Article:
"Are women's bodies evil?" Connie, a frustrated poet, asks her pastor father this question, a father she's barely seen in the eight years since her mother's death. Are women's bodies evil? Connie feels betrayed by her own body, convinced she will succumb to the same breast cancer which killed her mother. Michael, Connie's father, suspects Connie of somehow tempting the man she accuses of sexual misconduct. Are women's bodies evil? The poster art, a woman's red lipstick, reminiscent of the art for the 1962 film Lolita, certainly points in that direction. This troubling question, along with the question of a benevolent God in a malevolent universe, lies at the center of Merle Good's new play opening at The Beckett Theatre this month.
Connie, newly returned to her hometown in Pennsylvania after a failed marriage and her seventh rejection from a publisher, tries to sort out what's left of her life, first with her therapist Alexandra (Dee Hoty) and then with her estranged father Michael (Tom Galantich). But when Connie accuses David, a fellow reverend in Michael's church, of touching her inappropriately, her story and her intentions are immediately doubted by both confidantes. David vehemently denies any improper intentions, though he admits his hand may have slipped in the fervor of his prayer. However, when Connie offers to recant her complaint, in exchange for Michael's publicly condemning the loving God he professes to worship, Connie's true wounds come to light, wounds from which she has never healed.
This examination of the power struggle between an emotionally stunted father and his daughter, a cluster of raw nerve endings, would perhaps have been easier to take were it not couched in this accusation of sexual harassment - particularly in the volatile climate of gender politics in which we are now embroiled. To have a woman accuse a man of the cloth of misconduct is perhaps nothing new. But to then reveal that she realizes the actual benignity of the moment as clearly as he does, and is instead manipulating that moment to exact revenge on her father, delegitimizes every woman who has been assaulted and then been called a liar or a slut when she came forward. Perhaps playwright Good fancies this a new twist on Oleanna or Doubt, but choosing to tell a story where the woman in fact is consciously lying, is playing dangerously into that conversation, vindicating the victim-blamers, whether that was his intention or not. Connie is a wounded animal, still grieving for her mother, terrified of her own mortality, and blaming her father and his God for all of it; but to choose this avenue for her revenge was perhaps ultimately unwise, as it buries her within the politics outside the play itself. It lessens both her story and the stories of countless other women.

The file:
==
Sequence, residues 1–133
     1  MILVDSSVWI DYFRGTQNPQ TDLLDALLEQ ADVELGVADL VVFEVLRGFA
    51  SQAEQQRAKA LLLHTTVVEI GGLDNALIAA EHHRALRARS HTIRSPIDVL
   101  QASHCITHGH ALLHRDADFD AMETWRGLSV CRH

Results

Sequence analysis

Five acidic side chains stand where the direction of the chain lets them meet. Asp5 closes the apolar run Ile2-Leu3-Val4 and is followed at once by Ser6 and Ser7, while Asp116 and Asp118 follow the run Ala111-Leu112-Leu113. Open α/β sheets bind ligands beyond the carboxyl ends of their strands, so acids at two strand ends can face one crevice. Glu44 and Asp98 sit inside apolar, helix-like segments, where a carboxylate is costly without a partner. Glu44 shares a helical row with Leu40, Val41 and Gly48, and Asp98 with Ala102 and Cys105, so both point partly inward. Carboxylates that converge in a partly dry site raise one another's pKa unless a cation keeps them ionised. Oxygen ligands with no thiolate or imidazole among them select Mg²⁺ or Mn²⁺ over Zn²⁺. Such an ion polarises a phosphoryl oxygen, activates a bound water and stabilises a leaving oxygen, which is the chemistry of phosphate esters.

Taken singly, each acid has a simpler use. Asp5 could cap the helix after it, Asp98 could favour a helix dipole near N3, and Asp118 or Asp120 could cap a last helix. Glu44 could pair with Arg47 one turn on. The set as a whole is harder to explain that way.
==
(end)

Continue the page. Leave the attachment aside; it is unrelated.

|Adria Vitlar and Tom Galantich as Connie and Michael. |
Photo by Carol Rosegg.
Beyond this tactical error, the script in general suffers from an inconsistency of tone and some cliched modes of dialogue and interaction, further exacerbated by Steven Yuhasz's lackluster direction. Yuhasz's staging is pedestrian at its best and outright apathetic at its worst, with characters literally stepping back when they should be pursuing their arguments, dissipating any tension before it forms. What results is a bloodless recitation of dialogue with little to no emotional urgency, no sense of discovery, or even that these characters are in the same room with each other. Adria Vitlar's performance as Connie is the one exception here, vibrating with pain and rage, desperate for love and validation, her sorrows clutched close to her. She draws the focus of every scene she's in, catching the eye and capturing the heart - which is perhaps an all more troubling fact, as she portrays neither of the two titular protagonists. But even Vitlar's fire is not enough to rescue the rest of the play, particularly after the plotting falls into another cliche, sacrificing the damaged woman to allow the patriarch to grow and change.
Much as the poetry is bursting to come out of Connie - she recites verses from memory when her own words fail her - there is an interesting play struggling to escape from its restricting confines in The Preacher and the Shrink. It just needs to figure out what it is, first.
|Dee Hoty and Tom Galantich as Alexandra and Michael.|
Photo by Carol Rosegg.